What does my tax code mean?

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Your tax code is used by your employer or pension provider to work out how much Income Tax to take from your pay or pension. You will have a separate code for every job or pension you have. HMRC will tell your employer which code to use.

If your tax code changes, your employer will receive a new code from HMRC, but they may not know why it has changed. HMRC will write to you separately with a detailed explanation.

Check online

You can check your tax code using the Income Tax online service within your Personal Tax Account. You’ll need your Government Gateway ID and password to access your account, or you can simply create an account if you don’t already have one.

You can also use this service to check that HMRC have your correct current address (often they don’t). This is the most common reason for taxpayers not receiving a copy of their coding notices.

The online service is the quickest way to tell HMRC if you think your tax code is wrong.

What does your code mean?

Most tax codes are made up of several numbers and a letter.

1257L is the usual code for 2023/24, if you have only one job. This represents your current personal tax allowance (you tax-free earnings allowance) of £12,570, with the final digit replaced with the letter L.

1257L means that you can earn up to £12,570 / 12 = £1,047.50 per month (or £241.73 per week) tax-free; anything over that will be taxed at 20% (and higher rates if you earn more than the basic rate tax band).

What do other letters mean?

M is for Marriage Allowance – you have received 10% of your partner’s personal allowance.

N is for a person who has transferred 10% of their allowance to their partner.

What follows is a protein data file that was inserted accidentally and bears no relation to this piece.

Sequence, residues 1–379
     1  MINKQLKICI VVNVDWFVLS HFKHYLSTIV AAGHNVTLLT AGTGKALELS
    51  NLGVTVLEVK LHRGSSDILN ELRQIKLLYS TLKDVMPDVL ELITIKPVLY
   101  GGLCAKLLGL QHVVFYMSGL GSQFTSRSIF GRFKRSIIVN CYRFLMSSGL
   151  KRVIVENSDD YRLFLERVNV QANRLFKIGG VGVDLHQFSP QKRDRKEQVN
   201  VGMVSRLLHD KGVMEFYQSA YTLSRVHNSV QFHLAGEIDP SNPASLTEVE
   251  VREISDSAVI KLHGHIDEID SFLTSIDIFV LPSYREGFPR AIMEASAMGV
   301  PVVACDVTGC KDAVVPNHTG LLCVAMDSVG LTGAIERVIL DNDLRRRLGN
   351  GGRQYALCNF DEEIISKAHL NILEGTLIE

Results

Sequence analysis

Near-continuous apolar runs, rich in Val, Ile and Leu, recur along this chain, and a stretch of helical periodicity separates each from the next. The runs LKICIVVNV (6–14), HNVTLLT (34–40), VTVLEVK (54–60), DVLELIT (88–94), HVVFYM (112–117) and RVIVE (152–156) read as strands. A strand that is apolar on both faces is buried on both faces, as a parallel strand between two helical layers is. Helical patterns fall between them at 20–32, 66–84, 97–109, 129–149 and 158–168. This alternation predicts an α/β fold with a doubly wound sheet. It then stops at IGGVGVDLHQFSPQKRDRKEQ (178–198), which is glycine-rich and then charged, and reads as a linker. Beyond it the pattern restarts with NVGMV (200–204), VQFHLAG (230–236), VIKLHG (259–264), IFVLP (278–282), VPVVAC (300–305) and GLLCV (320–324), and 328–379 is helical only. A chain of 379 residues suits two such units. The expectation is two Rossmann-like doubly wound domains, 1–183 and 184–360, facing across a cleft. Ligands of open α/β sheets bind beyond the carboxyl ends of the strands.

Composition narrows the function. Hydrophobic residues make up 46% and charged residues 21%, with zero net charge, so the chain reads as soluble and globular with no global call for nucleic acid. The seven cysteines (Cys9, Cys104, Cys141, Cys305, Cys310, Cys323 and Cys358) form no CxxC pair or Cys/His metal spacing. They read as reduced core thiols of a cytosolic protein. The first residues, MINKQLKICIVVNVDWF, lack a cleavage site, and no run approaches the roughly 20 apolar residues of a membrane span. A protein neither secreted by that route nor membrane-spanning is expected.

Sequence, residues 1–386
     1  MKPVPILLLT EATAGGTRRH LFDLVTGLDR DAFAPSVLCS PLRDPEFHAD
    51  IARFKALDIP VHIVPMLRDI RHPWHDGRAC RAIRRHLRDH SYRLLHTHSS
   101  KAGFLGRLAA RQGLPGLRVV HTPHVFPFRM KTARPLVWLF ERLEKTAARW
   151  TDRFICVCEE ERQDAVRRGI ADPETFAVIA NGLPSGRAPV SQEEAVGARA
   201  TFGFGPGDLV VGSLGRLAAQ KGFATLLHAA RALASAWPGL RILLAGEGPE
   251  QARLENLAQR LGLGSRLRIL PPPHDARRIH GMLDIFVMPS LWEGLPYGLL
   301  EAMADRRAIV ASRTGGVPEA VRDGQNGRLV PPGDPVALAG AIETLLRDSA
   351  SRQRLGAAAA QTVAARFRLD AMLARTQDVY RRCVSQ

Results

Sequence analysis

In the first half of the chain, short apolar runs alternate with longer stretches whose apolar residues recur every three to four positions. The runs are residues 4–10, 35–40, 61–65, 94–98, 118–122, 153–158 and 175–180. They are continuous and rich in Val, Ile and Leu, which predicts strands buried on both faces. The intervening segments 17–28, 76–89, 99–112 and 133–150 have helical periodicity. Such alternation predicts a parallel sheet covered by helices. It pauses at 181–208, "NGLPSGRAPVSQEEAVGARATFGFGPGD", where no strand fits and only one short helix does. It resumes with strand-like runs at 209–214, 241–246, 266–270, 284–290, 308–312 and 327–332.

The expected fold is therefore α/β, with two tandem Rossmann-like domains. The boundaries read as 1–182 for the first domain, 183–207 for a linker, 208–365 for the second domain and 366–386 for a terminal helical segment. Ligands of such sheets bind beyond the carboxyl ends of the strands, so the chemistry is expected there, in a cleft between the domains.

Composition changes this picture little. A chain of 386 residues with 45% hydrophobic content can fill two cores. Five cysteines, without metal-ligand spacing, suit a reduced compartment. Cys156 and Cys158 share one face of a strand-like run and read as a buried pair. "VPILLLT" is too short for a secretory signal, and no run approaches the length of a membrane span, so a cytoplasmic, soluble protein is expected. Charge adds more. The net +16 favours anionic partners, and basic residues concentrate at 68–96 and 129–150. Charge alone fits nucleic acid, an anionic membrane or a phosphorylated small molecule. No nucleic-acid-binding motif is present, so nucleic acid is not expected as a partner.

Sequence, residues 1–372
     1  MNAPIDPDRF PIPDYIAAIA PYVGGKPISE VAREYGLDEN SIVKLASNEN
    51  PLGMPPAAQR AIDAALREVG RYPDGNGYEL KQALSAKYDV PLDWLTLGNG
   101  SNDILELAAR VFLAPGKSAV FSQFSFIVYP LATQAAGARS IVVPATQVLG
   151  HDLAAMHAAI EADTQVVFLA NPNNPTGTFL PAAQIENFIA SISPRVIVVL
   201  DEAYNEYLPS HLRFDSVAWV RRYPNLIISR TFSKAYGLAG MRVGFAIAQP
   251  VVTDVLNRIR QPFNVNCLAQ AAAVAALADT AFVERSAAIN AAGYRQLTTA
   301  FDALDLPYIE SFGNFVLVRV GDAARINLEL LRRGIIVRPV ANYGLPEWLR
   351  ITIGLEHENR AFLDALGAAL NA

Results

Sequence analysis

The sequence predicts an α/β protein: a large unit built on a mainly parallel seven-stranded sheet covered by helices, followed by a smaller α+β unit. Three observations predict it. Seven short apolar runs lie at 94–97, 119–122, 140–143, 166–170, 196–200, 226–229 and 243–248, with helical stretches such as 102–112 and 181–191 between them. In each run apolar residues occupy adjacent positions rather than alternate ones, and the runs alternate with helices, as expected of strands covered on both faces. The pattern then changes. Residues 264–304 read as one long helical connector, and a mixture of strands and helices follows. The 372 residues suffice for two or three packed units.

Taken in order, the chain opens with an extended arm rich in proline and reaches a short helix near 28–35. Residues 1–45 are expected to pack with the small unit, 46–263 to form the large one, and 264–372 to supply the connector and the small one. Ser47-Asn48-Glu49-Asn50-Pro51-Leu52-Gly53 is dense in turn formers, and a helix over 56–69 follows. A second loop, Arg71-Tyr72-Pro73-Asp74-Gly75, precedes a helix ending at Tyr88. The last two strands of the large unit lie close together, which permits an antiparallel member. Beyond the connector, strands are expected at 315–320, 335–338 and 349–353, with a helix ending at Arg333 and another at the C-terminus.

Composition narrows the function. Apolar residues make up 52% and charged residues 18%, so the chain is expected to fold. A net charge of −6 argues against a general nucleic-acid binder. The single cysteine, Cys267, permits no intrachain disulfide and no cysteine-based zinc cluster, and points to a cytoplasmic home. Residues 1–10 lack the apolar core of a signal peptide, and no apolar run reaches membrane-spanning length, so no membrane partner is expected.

Employers automatically increase L, M and N codes at the start of each tax year if the personal allowance goes up.

T is used when there are other adjustments to your code. Employers can only change a T code when HMRC tells them to do so.

OT (no allowances) and BR (basic rate) mean you have no tax-free allowance and will pay 20% basic rate tax on all your income.

D0 and D1 mean all your income is taxed at 40% or 45% respectively, usually because you have more than one highly paid job or pension.

NT means you don’t pay any tax on this income.

Codes starting S apply in Scotland and codes starting C apply in Wales.

Non-cumulative or ‘emergency’ tax codes

Normal tax codes are applied to your total year-to-date earnings since 5th April. In any pay period that your tax code changes, your tax is recalculated for the whole year-to-date, and any under or over-payment in tax will be adjusted on your payslip.

However, if your tax code ends W1, M1 or X this signifies that an ‘emergency tax code’ or a ‘month 1/week 1’ basis will apply. The new code will not take into consideration any pay or tax deducted previously in that financial year.

This situation usually happens when you start a new job and your employer hasn’t received a coding notice from HMRC, or you do not have a P45 from your previous employment. It should be corrected once HMRC’s records have been updated, or at the latest from the start of the next tax year.

K codes

K codes mean you have other income that is not being taxed another way that is worth more than your personal allowance. A K code represents negative tax allowances and will be added to your pay, not deducted.

For most people, this happens when you’re paying tax you owe from a previous year through your wages or pension, or receiving (state or company) benefits you need to pay tax on.

Note: Employers and pension providers cannot take more than half your pre-tax wages or pension when using a K tax code.

For the full tax rates and allowances for 2022/23, refer to our comprehensive guide.

National Insurance category letters also affect your take home pay; read our explanation here.

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